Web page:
At the beginning of the year I set myself a to do list. Naturally I am somewhat behind on nearly all fronts, but some progress is being made. I have indeed begun learning French and some digital stuff, mostly Photoshop. Both seem unreasonably complicated (I just don’t understand how I am supposed to remember the grammatical gender of a tomato), but it is nice to feel the old cogs in my brain start to whir again. I have even been wasting a little less time by just reading and reading and reading. I keep finding fantastic writers and then reading everything they’ve ever written; my latest obsession is Kathryn Schulz, whose New Yorker piece from last year, ‘The Really Big One‘, is guaranteed to knock your socks off.
But actually most of my time has been spent dealing with emails and making or waiting for phone calls. I have concluded that this, rather than the freedom to make your own decisions or the ability to vote, is the defining state of adulthood. Like school, it is very dull and has delayed results. But, finally, all the arrangements have been made and I am starting a month of work experience at the BBC on Monday! I am very excited to be spending time across four teams at the iconic Broadcasting House: Newshour and Newshour Extra, which are the World Service’s in depth news programmes, BBC2’s Victoria Derbyshire Show and Newsnight, where basically all my favourite journalists work. To say I am looking forward to it would be a laughable understatement.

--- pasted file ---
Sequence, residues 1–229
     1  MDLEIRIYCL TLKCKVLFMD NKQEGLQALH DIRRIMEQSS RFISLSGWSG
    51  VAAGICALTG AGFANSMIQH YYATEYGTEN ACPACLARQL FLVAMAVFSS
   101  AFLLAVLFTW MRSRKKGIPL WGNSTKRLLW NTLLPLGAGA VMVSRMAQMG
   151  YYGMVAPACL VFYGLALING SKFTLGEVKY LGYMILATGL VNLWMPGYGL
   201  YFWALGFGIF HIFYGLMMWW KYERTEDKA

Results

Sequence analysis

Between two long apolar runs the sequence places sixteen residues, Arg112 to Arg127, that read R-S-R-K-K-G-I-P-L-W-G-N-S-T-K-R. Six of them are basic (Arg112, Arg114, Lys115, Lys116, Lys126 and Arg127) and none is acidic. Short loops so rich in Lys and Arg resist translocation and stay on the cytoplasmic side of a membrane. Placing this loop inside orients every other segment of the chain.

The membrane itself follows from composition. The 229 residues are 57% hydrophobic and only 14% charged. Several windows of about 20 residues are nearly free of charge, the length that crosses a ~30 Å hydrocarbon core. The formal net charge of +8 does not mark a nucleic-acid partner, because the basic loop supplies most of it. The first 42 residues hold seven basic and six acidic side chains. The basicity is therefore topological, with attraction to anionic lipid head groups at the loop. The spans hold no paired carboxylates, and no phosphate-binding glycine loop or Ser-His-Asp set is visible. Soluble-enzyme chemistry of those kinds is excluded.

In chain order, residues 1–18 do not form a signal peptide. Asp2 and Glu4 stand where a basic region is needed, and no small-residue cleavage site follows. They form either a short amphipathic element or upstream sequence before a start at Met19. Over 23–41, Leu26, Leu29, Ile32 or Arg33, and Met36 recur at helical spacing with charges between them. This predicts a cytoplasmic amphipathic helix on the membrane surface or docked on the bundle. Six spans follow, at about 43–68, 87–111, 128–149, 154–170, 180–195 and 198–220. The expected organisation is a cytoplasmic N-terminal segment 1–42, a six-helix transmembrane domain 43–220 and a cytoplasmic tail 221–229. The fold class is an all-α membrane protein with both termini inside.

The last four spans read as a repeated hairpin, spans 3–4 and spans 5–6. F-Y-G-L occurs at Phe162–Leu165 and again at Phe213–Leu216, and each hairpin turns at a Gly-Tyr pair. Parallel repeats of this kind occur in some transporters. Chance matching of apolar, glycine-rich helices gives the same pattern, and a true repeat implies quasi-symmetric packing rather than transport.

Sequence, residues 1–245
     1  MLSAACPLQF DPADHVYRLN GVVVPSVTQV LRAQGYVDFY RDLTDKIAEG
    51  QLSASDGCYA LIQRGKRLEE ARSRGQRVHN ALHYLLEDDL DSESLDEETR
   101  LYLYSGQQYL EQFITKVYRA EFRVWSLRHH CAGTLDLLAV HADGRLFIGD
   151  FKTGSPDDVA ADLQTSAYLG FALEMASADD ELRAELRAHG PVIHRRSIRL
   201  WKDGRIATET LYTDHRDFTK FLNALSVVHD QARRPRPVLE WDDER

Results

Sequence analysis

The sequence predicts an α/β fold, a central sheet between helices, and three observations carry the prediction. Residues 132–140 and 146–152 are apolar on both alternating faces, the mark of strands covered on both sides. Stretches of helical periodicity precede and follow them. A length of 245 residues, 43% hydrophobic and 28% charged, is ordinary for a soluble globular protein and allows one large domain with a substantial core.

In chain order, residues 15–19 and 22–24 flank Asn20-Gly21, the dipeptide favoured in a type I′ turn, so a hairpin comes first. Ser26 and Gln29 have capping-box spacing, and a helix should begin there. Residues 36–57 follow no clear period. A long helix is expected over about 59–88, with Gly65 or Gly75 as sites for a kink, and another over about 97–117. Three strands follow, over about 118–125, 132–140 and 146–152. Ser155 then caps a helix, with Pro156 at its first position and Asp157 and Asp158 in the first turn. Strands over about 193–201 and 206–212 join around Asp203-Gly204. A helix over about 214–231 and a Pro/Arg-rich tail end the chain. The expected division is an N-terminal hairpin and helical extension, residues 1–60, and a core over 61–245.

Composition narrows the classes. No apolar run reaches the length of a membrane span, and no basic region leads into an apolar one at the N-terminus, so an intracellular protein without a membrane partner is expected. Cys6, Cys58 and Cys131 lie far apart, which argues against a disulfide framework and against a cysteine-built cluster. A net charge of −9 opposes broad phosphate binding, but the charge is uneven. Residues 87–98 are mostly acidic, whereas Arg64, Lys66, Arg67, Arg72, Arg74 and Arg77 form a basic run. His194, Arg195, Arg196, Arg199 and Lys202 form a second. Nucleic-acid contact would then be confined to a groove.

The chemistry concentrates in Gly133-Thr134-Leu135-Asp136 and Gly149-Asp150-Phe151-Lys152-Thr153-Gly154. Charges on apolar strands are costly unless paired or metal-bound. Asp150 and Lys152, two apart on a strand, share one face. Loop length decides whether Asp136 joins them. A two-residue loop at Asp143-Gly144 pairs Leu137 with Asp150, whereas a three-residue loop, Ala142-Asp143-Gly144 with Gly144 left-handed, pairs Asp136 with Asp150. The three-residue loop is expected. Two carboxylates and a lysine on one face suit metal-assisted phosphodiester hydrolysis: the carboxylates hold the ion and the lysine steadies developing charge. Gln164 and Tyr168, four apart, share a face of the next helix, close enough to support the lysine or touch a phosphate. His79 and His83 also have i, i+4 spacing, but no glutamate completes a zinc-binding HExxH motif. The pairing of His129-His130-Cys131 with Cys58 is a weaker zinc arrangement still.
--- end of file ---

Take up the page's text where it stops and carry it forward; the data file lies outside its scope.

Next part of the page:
In preparation, I have become very good friends with iPlayer, listening to all the recent episodes of the programmes I will be working on. In particular, I have really enjoyed Newshour Extra – I rarely have the radio on when it is broadcast so it wasn’t a programme I had listened to before, but the format makes it highly informative. Last week’s episode on Libya and where it could go from here was some of the best coverage I’ve heard of a country which most of the world has forgotten about.
So things are moving forward. I still don’t write enough and I haven’t got much further in finding an actual real job (not withstanding getting through to the test stage of the civil service Fast Stream application). I still don’t know anything about coding or the French past tense. But going into work for the next four weeks is just what I need, and I hope it’ll take me on to other things as I learn more about broadcasting. Now I’d better post this and go back to searching Guardian Jobs and listening to Newshour.